The correspondence of parts in FIG. 2 to that in FIG. 3 is shown in the table below:
______________________________________FIG. 2 Part Corresponds to FIG. 3 Part______________________________________V1 txvccV2 mdiv-- vccVR IN-- REFQ1 Q8Q5 Q46R1 R16R2 R1Q3 Q46Q4 Q37,38I Q58GND mgnd______________________________________
Transistors Q18 and Q43 serve as output drivers for their respective negative (buf-- out) and positive (buf-- out) outputs Vo. Transistors Q26, Q42 and Q48 with their respective emitter resistors R25, R41 and R47 serves to control the bias on the output drivers Q18 and Q43 and on Q58 via current mirror Q49 by way of input bias signal mdiv-- bias. This represents an important advantage in that the current source Q58 for the input signal transistors Q37, Q38 has its bias under separate control from any convenient precision current source and thus does not depend on and is not affected by common mode variations of the differential input signal voltages.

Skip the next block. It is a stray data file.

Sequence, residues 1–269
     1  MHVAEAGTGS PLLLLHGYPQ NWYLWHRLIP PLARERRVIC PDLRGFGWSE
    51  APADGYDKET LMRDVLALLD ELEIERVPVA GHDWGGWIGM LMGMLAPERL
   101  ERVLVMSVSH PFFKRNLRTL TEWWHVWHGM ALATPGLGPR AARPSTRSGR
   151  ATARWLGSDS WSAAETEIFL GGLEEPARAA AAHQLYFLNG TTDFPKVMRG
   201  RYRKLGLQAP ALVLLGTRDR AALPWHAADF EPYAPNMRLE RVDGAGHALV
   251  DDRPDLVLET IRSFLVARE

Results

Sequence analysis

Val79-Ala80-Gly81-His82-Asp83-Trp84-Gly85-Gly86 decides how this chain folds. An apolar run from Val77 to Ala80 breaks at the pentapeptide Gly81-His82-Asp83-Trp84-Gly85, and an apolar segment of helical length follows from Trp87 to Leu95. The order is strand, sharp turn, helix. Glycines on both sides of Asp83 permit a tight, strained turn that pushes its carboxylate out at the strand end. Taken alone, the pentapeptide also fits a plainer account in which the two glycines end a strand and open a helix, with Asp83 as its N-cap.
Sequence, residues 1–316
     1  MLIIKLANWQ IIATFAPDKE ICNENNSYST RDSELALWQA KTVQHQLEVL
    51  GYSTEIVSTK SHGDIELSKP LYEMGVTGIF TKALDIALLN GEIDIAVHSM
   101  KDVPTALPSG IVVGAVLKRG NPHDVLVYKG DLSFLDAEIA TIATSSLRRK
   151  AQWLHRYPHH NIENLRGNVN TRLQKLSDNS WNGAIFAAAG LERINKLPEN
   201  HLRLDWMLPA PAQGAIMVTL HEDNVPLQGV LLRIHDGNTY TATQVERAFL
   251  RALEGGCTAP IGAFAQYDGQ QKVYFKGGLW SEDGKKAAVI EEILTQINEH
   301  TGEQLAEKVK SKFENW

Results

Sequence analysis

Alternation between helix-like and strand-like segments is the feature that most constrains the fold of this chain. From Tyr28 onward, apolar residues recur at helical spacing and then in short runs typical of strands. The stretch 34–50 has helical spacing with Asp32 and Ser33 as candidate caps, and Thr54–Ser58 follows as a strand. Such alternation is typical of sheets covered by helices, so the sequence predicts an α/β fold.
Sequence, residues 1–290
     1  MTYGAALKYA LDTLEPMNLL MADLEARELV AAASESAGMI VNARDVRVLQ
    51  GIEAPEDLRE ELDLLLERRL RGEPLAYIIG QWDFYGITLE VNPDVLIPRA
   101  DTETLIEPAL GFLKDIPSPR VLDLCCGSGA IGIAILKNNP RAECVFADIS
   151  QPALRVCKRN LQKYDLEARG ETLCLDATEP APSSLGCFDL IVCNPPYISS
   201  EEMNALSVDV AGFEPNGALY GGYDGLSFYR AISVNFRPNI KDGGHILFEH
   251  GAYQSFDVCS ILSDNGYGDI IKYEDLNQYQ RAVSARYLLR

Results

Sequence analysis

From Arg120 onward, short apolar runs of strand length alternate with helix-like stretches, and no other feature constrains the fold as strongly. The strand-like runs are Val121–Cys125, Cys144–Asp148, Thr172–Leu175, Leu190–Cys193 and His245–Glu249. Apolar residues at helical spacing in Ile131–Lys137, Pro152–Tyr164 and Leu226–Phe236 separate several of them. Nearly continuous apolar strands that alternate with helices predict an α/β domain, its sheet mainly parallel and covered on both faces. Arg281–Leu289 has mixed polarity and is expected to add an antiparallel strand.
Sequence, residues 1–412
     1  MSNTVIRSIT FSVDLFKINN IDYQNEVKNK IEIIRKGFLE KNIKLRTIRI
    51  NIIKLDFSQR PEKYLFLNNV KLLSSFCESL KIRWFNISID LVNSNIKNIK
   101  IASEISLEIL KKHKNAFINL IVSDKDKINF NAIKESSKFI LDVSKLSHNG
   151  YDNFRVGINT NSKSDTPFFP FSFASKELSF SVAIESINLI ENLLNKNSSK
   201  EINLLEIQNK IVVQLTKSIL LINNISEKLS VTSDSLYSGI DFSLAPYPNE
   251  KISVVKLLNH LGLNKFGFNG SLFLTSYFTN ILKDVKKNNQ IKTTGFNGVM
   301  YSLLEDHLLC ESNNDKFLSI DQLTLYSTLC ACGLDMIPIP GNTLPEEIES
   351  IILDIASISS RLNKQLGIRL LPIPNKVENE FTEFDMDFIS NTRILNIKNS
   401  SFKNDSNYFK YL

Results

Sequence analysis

In the FIG. 3 circuit, when txvcc=5.5 V and mdiv-- vcc=2.7 V, a typical value for mdiv-- bias=0.9 V; conversely, when the supply voltages are reversed, mdiv-- bias=0.9 V.
The circuit of FIG. 3 offers the advantages that it will translate a switching signal referenced to a supply voltage V1/txvcc to a supply voltage V2/mdiv-- vcc that may be less than, equal to, or greater than V1 without degrading the input signal Vs. Further, the output voltage swing, Vo, can be set independently of the input signal amplitude. The output voltage swing is Vo=I×RL, where I is the bias current. Since I is readily and accurately controlled by mdiv-- bias, the output voltage Vo will be proportional to the current I flowing through the diode-connected transistor Q46. Further, the circuit will handle a larger range of variations in the supply voltages due to the presence of the voltage dividers in the input and reference voltage circuits.